It goes without saying that there are countless things to consider when starting a business.
If you’ve already been bitten by the start-your-own-thing bug, you have likely begun considering how starting a business might affect
- Your long-term goals
- Your personal life
- Your career options
- Your family
- Your savings account
- Your passion
Notice the wide variety of things you’re taking into account as you think about starting a business. From major to minor, personal to professional, you’re likely to consider everything from the big-picture…
I could finally do something really meaningful—something that lights me up and helps me feel like I’m making a difference in the world!
…to the very detailed…
How can I come up with X and Y resources, both of which I really need before I get started?
Dream Big + Get Practical
Full disclosure: I’m inclined to root for you to say YES to starting a business.
As someone who did just that 30 years ago and has been loving it ever since, I can’t help but get excited when this conversation comes up with a client (or with anyone, for that matter).
But as much as I tend to encourage others to dream big and follow their vision, I also need to be honest with you right off the bat:
Starting a business is not right for everyone. Not even close.
If you’re thinking about it, it’s important to hold onto your big, audacious dream but also get very practical about what it would look like to make such a big leap.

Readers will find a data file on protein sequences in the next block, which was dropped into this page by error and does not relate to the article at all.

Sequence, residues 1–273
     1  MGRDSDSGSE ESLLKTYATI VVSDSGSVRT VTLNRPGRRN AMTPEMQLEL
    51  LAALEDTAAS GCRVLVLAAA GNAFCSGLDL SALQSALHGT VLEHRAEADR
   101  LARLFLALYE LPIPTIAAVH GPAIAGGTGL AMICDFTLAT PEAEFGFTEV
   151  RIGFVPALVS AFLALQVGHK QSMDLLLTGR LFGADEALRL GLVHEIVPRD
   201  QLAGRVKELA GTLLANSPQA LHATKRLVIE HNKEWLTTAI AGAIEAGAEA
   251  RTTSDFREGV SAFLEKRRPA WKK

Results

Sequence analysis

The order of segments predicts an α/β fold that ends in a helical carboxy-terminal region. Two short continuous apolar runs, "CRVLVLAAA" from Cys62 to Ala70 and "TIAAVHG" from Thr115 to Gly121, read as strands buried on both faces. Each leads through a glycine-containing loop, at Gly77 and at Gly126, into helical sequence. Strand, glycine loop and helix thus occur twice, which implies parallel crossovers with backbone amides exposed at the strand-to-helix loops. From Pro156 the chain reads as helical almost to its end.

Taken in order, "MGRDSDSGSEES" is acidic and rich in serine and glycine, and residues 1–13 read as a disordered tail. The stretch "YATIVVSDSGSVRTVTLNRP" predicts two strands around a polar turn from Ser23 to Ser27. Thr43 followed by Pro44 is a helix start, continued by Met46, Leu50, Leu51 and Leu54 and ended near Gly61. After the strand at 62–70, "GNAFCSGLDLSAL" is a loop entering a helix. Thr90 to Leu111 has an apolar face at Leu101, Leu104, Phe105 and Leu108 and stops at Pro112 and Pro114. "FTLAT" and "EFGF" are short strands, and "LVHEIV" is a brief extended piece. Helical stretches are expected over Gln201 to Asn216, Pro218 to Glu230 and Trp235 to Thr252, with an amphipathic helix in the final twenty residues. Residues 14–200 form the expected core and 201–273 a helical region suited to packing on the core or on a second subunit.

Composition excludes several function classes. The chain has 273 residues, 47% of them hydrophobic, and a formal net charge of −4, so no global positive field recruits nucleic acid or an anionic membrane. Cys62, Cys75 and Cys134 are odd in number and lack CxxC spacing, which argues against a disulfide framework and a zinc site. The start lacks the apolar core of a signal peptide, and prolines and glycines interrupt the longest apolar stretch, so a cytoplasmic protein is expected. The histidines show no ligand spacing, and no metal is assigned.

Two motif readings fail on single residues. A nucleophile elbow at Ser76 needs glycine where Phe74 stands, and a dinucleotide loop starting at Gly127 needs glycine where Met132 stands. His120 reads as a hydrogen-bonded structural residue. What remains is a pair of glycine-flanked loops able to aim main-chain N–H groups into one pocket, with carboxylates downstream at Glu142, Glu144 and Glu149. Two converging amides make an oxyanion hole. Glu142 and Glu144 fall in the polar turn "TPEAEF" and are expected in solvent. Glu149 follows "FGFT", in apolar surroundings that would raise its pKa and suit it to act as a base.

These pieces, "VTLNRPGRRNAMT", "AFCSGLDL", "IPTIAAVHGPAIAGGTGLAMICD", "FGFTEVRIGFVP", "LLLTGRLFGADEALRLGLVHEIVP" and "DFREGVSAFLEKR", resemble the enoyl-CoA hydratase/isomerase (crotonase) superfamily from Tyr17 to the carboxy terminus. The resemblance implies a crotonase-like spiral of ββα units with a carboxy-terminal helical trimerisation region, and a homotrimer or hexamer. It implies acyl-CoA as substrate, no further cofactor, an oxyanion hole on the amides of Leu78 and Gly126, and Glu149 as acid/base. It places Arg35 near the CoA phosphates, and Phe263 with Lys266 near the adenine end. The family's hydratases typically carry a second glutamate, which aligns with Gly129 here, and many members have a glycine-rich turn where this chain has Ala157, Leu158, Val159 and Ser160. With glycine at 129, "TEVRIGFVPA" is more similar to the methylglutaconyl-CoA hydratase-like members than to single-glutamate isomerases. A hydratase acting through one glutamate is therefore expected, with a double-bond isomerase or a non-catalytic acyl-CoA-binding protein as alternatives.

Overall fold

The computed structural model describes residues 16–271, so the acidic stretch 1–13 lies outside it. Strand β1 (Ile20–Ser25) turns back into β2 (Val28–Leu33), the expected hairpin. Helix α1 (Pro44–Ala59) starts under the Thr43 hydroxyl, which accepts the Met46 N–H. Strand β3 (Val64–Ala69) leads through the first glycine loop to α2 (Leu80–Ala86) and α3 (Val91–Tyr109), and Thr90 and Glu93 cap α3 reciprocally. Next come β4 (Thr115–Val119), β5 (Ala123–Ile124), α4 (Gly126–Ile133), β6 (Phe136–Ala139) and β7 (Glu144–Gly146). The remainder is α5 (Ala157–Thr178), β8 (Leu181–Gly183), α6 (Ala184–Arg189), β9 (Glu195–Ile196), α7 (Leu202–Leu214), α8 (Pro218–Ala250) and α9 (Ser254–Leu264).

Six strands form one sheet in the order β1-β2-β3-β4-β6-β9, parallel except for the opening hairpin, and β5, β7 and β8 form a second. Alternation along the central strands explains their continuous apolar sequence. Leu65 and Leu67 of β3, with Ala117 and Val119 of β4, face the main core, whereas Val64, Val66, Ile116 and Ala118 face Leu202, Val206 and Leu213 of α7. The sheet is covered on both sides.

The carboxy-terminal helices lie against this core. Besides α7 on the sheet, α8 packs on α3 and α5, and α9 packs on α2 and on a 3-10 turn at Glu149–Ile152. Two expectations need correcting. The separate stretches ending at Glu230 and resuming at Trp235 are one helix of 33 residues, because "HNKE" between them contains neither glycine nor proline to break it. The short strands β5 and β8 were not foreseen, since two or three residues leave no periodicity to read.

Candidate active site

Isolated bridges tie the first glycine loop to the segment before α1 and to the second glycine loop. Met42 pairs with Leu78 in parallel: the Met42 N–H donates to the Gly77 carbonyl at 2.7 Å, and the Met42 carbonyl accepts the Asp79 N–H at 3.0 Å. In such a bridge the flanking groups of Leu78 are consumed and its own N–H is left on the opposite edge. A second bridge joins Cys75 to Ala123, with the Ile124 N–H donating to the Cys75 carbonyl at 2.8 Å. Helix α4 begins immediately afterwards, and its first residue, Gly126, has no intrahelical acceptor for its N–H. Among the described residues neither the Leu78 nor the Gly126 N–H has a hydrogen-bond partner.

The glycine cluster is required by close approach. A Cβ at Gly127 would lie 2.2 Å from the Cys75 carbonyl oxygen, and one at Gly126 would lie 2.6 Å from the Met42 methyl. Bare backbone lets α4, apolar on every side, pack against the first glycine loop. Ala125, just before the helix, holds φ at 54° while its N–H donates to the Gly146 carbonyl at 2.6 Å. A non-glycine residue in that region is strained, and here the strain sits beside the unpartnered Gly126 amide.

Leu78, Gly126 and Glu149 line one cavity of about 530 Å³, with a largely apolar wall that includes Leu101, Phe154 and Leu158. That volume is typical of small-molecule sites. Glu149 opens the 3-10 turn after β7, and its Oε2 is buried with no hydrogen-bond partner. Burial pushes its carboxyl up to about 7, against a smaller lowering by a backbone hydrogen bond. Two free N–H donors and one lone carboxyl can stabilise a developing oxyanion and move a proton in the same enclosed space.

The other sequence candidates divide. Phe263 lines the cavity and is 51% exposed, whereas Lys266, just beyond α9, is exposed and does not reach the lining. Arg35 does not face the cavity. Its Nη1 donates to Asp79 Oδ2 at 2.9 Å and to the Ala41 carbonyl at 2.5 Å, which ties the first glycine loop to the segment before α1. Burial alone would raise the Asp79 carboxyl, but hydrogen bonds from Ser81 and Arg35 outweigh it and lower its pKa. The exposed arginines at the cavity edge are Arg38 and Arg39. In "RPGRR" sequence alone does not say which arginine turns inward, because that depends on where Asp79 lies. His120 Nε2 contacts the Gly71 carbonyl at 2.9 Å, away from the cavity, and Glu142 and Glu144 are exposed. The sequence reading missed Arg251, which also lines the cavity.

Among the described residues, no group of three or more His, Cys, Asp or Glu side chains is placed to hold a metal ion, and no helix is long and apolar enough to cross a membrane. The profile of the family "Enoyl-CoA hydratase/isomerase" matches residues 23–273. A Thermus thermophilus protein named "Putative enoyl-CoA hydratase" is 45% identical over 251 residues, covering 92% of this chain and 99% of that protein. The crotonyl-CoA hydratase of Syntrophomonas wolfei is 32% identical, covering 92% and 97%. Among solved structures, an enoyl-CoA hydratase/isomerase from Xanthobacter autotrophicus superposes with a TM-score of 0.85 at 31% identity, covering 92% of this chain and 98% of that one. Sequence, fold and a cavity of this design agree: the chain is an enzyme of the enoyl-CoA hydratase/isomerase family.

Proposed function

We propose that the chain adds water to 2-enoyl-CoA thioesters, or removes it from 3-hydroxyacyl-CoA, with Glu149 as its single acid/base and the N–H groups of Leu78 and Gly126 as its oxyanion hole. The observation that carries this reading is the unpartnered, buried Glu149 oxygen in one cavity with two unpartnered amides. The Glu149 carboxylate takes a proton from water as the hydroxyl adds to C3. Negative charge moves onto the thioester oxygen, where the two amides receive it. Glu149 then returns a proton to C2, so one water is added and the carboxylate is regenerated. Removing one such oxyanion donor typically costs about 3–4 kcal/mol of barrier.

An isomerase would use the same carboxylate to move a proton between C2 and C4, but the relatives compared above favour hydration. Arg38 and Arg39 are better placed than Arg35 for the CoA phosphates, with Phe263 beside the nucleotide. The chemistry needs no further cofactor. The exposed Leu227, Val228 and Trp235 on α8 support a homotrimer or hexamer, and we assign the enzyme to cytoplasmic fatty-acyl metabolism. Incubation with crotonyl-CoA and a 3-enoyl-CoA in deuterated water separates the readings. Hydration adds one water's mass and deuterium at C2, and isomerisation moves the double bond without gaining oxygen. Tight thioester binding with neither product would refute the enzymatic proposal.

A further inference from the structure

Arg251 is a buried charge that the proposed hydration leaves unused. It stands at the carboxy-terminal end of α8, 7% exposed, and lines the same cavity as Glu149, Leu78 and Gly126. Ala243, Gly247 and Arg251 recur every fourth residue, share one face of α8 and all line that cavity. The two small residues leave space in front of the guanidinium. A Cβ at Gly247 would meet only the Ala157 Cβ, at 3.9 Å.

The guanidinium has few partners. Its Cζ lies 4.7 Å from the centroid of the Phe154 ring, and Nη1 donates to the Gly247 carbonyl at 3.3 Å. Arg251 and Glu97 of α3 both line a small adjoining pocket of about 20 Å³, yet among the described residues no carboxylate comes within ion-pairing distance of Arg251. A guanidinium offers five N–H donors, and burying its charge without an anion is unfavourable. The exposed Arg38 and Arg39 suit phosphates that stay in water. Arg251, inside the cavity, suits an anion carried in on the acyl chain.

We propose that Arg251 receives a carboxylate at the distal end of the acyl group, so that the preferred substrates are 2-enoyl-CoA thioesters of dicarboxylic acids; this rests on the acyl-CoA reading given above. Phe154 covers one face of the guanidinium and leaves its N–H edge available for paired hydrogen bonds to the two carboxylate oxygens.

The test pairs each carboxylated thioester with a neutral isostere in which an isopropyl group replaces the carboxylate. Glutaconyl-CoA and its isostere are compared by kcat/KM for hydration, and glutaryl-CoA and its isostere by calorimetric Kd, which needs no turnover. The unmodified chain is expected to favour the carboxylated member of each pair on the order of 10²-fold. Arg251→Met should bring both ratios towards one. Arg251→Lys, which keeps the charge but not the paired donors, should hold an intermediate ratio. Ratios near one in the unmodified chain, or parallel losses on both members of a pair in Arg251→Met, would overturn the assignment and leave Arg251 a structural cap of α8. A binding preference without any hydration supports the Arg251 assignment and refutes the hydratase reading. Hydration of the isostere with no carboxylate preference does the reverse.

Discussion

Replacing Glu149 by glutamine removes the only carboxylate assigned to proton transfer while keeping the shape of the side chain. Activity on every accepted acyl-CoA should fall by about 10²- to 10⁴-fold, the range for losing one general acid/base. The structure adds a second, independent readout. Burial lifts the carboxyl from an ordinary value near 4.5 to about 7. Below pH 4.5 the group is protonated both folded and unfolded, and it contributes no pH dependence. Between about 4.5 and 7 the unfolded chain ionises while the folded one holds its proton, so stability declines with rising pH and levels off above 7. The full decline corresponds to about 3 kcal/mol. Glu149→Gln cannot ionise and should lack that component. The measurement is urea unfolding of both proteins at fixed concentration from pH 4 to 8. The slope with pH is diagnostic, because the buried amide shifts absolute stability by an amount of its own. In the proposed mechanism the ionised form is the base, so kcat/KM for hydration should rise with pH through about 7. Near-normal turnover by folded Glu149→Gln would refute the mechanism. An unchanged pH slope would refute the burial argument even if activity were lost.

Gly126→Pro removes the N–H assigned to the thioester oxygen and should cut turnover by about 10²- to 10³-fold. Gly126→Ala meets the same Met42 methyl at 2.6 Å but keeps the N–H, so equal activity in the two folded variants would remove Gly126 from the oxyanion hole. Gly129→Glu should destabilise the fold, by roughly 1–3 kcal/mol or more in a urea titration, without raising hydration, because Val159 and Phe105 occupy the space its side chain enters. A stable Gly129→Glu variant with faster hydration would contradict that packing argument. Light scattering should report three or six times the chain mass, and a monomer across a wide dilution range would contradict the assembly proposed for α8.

This post is designed to get you thinking about some of these very real and practical steps. (Click here to skip past this intro & read or listen to the post right away.)
Growing Interest in Starting New Businesses
With business failure rates in a long-term decline and the growing gig economy making headlines regularly, it’s not surprising that many of my clients get curious and voice questions about what things to consider when starting a business.
Sure, they ask me because I’m their coach. But they also ask me because I’m a person who’s been through this transition.
I left a successful, 20-year career in the corporate world to go independent with this coaching practice—a business which I’ve now run for 30 years.
So, I have deep experience on both sides of the corporate-or-not fence.Add to this the fact that I regularly tackle the highs and lows of entrepreneurship with clients who are considering it, are doing it, or have done it (with or without success), and you can begin to see why I’ve become somewhat of a go-to resource on this topic.
Business (Yours or Not) Is about People
When I hooked up my microphone to start recording some of the top things I ask clients to consider before starting a business, I realized that—in one way or another—each factor is closely related to people (including you, of course). Namely:
- Your vision, attributes, and risk tolerance
- Your current cost of living
- Where to focus your initial growth efforts
- Pricing strategy (hint: it’s about value)
- Tips for hiring help early on
Listen Now: 5 Things to Consider when Starting a Business
Over the decades, I’ve had lots of questions from people about changing careers.
And those those questions come phrased in some form like, “Hey Bill, I’m thinking of leaving my job in corporate life…” (sometimes it’s government, etc., but but large organizational life) “and going on my own.”
Sort of a collective representation of all of these questions might go something like this: